The jury returned a general verdict in favor of Bud Antle, and the district court entered a judgment accordingly for the sum of $158,659.57, plus interest and costs. Eastern appealed.
III. The Issues on Appeal
Eastern raises three issues in its appeal. First, it contends that the district court erred in refusing to direct a verdict in its favor on the issue of de facto merger because there was no evidence of (1) an assumption by Eastern of B B's pre-existing debts; (2) a transfer of B B's assets to Eastern; (3) a statutory merger between Eastern and B B; (4) fraud; (5) a transfer of B B's capital stock to Eastern; or (6) a commonality or a continuity of officers, directors, and shareholders between B B and Eastern. Second, Eastern contends that the district court erred in its charge to the jury on the law of de facto merger by instructing the jury that in determining whether a merger occurred it could consider — singularly and in the disjunctive — a "laundry list of factors" which did not require a finding of (a) a transfer of assets from B B to Eastern, (b) a continuity of shareholders, and (c) a commonality of officers, directors, and shareholders. In the absence of these elements, Eastern argues, there cannot, as a matter of law, be a de facto merger. Last, Eastern contends that the district court erroneously failed to charge the jury on the proper measure of damages.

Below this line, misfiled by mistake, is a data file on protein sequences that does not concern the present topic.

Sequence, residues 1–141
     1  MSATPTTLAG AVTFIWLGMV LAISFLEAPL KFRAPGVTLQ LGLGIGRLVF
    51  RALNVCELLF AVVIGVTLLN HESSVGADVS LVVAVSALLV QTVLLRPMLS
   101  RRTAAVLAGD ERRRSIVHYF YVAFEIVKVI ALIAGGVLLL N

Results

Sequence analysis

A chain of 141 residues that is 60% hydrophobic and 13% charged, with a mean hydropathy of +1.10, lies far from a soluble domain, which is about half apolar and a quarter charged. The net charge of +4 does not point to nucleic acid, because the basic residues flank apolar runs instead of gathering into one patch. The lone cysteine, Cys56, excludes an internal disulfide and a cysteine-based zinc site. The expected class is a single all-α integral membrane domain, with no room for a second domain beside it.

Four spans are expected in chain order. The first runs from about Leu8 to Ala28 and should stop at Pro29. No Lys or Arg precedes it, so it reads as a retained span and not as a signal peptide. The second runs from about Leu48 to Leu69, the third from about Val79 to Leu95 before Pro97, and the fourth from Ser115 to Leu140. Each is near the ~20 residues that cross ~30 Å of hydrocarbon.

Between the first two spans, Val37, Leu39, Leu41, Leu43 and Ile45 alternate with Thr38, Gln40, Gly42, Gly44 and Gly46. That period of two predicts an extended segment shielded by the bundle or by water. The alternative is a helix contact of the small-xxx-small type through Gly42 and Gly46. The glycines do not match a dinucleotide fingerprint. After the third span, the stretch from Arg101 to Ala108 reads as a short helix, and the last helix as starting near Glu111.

IV. Corporate Liability for the Debts of a Predecessor